The black-and-red horde marches on

The black-and-red horde marches on by Bob Karolevitz Old houses leak.

No matter how you patch the holes and put weather-stripping on the doors, boxelder bugs will get in.

A decade ago I wrote a column about the gosh-awful things. I said then that there were 13,576,882,999,627 of them in and around our house. I think that number has now gone up.

I know they propagate and feed on the female boxelder tree which is a poor cousin of the sugar maple. We still have several of the gnarled old hulks on the farm, and I've been protective of them for historic reasons. Phyllis, however, does not share that preservation sentimentality as far as they're concerned, and so I have been handed an ultimatum.

"Those trees have got to go!" is the way she put it.

Before I get the chainsaw out, though, I try to explain to her that boxelder bugs will also suck the sap from ash trees, honey locusts and most anything else that's sweet. Entomologists also say that if you cut your trees down, the gregarious bugs will fly in from some place else. It's obviously a losing battle.

But Phyllis is adamant. The Leptocoris trivittatus bugs her!

Actually, boxelder bugs are just looking for a warm place for the winter. They don't fly south with the birds, so a nice, cozy house is very attractive to them. Unfortunately, by the time they sneak into a person's place, they've already laid their eggs for the next generation some place else.

We've sprayed and prayed. We've vacuumed up thousands of them, but the invasion continues. We've got more anti-boxelder bug remedies than we've got mole eradicators. Still the black-and-red horde marches on.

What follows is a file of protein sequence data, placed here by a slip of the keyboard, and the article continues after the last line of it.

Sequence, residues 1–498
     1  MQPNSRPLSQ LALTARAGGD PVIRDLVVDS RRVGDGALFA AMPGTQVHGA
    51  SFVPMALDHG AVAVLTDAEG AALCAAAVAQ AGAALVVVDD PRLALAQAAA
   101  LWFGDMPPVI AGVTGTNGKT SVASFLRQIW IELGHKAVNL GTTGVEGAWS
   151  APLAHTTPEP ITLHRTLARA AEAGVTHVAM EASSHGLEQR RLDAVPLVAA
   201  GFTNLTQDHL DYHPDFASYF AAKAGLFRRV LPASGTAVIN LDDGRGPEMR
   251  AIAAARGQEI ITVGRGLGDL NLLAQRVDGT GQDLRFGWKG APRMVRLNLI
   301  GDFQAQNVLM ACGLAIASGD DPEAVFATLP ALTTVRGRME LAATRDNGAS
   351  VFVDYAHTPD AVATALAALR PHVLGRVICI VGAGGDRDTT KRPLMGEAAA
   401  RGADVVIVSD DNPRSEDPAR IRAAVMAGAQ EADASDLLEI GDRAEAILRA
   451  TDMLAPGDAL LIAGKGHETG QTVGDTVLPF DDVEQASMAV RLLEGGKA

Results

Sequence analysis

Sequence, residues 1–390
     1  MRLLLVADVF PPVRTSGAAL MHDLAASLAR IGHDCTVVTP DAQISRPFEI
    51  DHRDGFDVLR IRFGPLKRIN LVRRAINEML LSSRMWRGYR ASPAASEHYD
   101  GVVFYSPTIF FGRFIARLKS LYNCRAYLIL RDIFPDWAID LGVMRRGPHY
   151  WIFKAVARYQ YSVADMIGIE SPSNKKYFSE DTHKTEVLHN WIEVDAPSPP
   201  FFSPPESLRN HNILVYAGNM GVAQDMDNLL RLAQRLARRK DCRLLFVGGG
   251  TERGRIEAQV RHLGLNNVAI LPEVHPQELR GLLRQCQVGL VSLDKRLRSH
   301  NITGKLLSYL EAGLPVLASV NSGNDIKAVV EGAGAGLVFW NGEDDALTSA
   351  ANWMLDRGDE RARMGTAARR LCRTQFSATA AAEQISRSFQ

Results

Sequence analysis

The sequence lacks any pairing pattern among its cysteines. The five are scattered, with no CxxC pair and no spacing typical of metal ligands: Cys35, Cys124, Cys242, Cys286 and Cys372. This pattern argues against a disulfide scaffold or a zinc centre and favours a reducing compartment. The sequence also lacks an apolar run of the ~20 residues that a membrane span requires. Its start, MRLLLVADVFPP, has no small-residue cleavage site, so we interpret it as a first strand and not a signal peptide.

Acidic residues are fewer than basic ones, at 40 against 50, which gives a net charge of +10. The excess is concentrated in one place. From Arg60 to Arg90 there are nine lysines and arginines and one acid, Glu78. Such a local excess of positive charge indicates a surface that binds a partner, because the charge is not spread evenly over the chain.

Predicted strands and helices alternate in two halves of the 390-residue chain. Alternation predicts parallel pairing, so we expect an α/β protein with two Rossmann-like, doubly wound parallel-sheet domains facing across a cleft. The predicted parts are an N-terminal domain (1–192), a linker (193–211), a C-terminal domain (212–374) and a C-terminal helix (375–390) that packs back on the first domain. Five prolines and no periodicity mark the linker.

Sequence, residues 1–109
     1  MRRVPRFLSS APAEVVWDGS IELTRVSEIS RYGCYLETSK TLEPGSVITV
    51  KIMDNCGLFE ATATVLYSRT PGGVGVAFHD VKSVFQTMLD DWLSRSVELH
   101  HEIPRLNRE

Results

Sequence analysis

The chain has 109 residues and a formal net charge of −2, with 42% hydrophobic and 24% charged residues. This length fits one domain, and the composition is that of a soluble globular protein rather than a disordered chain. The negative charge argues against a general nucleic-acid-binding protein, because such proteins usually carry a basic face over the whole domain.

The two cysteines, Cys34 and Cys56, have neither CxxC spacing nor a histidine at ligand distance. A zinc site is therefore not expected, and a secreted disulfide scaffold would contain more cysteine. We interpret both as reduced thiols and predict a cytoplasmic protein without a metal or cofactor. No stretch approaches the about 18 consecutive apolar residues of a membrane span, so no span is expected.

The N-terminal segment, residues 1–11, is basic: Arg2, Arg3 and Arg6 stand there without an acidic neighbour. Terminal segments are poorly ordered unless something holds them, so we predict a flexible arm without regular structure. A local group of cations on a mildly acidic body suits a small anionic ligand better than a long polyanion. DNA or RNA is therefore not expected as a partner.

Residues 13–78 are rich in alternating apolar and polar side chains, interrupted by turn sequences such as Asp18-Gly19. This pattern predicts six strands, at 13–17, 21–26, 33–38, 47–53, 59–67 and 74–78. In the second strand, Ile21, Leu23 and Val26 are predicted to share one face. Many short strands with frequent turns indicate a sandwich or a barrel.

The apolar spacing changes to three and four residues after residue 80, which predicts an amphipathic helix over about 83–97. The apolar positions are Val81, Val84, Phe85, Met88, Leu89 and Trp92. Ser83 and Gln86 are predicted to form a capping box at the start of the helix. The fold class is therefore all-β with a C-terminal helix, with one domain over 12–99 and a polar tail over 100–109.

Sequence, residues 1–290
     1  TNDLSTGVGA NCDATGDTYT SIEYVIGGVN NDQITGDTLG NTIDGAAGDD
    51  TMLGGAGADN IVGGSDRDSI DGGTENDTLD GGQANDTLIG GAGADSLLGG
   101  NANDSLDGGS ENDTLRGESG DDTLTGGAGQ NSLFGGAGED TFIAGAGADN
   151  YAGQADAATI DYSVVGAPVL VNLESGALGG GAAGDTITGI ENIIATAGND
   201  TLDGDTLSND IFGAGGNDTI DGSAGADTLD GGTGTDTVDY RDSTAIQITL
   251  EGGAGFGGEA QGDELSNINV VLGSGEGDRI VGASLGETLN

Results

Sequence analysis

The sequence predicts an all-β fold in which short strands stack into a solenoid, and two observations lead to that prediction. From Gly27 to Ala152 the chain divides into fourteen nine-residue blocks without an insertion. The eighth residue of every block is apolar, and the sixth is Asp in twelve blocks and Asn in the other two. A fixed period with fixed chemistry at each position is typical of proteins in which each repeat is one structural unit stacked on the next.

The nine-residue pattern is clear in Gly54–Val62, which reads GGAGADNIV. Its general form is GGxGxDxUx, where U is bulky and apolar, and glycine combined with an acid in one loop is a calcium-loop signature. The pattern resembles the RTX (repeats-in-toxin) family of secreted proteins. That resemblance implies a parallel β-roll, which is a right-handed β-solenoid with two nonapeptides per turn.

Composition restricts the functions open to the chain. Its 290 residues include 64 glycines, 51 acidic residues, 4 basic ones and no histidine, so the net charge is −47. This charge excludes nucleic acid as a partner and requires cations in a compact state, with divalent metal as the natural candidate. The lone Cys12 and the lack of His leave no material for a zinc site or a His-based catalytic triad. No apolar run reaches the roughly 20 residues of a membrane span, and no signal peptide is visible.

Right now I'm going to town to buy some peppermint mouth wash to put in plastic containers where the bugs congregate. They say it attracts them, and they fall into the liquid and drown. But they go out with sweet-smelling breath.

I try to calm Phyllis down by reading to her what an unknown columnist once wrote.

"The boxelder bug is a yuk. He crawls hither and yon, up or down. It makes no difference since he doesn't have the slightest idea where he's going. He doesn't even know where he's been ? Squashing him seems hardly worth the effort ? As a bug he's an utter flop. But he's legion and he endures."

My recitation gets nowhere. She's had it with the creepy, crawly things, and so our boxelder trees � which I think date back to homestead days � will probably become second-rate fire wood. They're not even much good for that.

Meanwhile, I've been given another husbandly chore. I've had to help her and our son-in-law Pat Garrity wash our windows which Phyllis insists have been spotted by the boxelder bugs (with help from house flies). When we were married, I don't recall the priest saying "love, honor, obey and wash windows," but apparently that goes with the marital commitment.

So I scrubbed away with soapy water and ammonia, followed by a Windex rinse, all of which activated my somewhat dormant bursitis. I can blame that on the boxelder bugs, too.

Needless to say, we'll go on singing "The Boxelder Bug Blues," which isn't exactly on our hit parade. Oops, there's one of the %#@*!''+* ubiquitous creatures now, crawling across my typewriter keys.

&#1691999 Robert F. Karolevitz

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